There are More Contenders to the Tablet Throne Available Every Day
Classroom technology has changed tremendously over the past 20 years. While many schools used to offer a separate “computer lab” on campus, stocked with clunky Apple computers that played Oregon Trail, administrators have put the power in students’ hands — literally — by bringing iPads and other tablet devices into the classroom and using them to teach their curriculum.
This trend has been steadily gaining popularity since 2012, when the iPad took the education field by storm. According to industry analysts, U.S. schools are expected to buy 3.5 million tablets by years’ end.
Benefits of Using Tablets to Educate Students
One of the many benefits of equipping students with an iPad, educators say, is that it further enables them to have control over what and how they are learning. With an endless array of knowledge and resources at their fingertips, students can learn in ways never even imagined in decades past.
Another energizing advantage is that teachers are better able to capture their students’ attention. By delivering history or geography lessons through games, videos and social networks, students become more engaged with the material. Teachers have been able to capitalize on the electronic avenues that were traditionally designed for gaming, entertainment and communicating with friends, and use them for educational pursuits.
To further explore how the iPad (and other tablets, by implication) can impact teaching and learning, check out these 8 Positive Findings from 4 Year 1:1 iPad Initiative.
Apple currently holds the majority of the education market for tablets. Last year, the iPad accounted for 94 percent market share. However, Apple has lost some steam as competitors like Google are entering the ring. According to CFO Luca Maestri, while iPad remains the tablet of choice in the classroom with 85 percent market share, reports have surfaced that Google’s Chromebooks are outselling iPads. Google reported in July that 1 million Chromebooks had been sold to schools in the previous sales quarter alone — certainly nothing to scoff at. In fact, analysts predict 5 million Chromebooks will be sold by the end of 2014. However, Chromebooks are laptops, not tablets.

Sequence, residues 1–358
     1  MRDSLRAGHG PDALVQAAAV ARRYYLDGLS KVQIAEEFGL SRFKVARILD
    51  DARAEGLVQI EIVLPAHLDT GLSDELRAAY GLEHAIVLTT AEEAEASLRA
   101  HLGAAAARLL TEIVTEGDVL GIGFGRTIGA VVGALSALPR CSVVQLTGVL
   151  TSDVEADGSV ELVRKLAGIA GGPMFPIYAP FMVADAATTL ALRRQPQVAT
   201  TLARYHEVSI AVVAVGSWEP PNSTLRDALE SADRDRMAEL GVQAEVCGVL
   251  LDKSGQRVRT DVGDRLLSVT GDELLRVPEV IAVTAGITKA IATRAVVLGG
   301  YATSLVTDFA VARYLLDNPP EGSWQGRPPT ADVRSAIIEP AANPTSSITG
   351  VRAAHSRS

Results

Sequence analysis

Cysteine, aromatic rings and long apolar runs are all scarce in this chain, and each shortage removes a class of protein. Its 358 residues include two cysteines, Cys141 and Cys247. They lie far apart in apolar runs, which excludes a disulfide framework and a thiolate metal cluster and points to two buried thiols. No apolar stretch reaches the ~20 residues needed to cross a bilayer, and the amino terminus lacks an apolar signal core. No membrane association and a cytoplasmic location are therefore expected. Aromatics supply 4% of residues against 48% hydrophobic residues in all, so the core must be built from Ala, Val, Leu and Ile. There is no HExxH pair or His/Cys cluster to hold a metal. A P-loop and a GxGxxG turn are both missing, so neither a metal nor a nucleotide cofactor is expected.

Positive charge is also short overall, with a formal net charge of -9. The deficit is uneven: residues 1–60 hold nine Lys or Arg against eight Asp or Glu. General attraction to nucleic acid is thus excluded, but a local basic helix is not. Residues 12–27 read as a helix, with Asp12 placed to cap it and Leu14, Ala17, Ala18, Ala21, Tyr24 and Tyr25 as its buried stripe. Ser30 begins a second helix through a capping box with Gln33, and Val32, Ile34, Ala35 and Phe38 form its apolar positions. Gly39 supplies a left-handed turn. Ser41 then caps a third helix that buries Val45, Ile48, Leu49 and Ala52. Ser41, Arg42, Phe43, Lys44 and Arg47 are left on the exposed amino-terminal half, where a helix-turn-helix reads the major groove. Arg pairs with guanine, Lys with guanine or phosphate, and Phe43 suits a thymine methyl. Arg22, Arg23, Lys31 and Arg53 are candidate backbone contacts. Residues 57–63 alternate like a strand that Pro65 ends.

Between the Android platform and emerging Windows 8 based tablets, there are legitimate tablet format contenders to the leading iPad gradually coming into contention (for example, just check out this array of non-iPad tablets empowered by the Qualcomm Snapdragon processors, offering high-speed processing, extended battery life and speedy connections — all of which are important to a busy student on-the-go).
Here’s a number of iPad alternatives and articles exploring them:
- The Amplify Tablet (http://www.amplify.com/tablet): “The Amplify Tablet designed by Intel® Education was built for K-12 from the inside out.“
- The LearnPad Tablet: A “Purpose Built for Education” tablet solution. Learn more in this EmergingEdTech article, focused on the device.
- The Kuno (http://www.mykuno.com/): Another tablet designed specifically for teaching and learning.
- The Microsoft Surface Pro is trying to find its way in education. Here’s a video about adoption in one school, and more examples from Microsoft.
- “The Best Tablets For Education” from Edudemic
How About the new 2-in-1 Niche?
This new hybrid device is poised to make an impact. Many manufacturers have released new models that are part laptop, part tablet. Most of these devices allow you to separate the keyboard section from the screen and the screen is a fully functional tablet. Here’s a number of these new models:
- Toshiba: http://www.toshiba.com/us/customlanding.to?page=homepage-2-in-1-laptops
- Hewlett-Packard: http://www8.hp.com/us/en/ads/detachables-convertibles/products.html
- Lenovo: http://shop.lenovo.com/us/en/laptops/thinkpad/yoga-series/yoga/
Whether it’s the Apple iPad, an Android or Windows tablet, a custom-built tablet for education, or a 2-in-1 one computer, these devices are enabling effective changes in how education using technology to enhance teaching and learning.
Are you using a tablet other than the iPad in your classroom? Please comment and tell as a little about it!
Related Posts (if the above topic is of interest, you might want to check these out):
iPad Workflow in the Elementary Classroom – 6 Techniques and Tips
Collaborative Learning on Touchtables: Engaging Students with Group Work
5 Excellent Tools to Assist Visually Impaired Students with Mobile Technology
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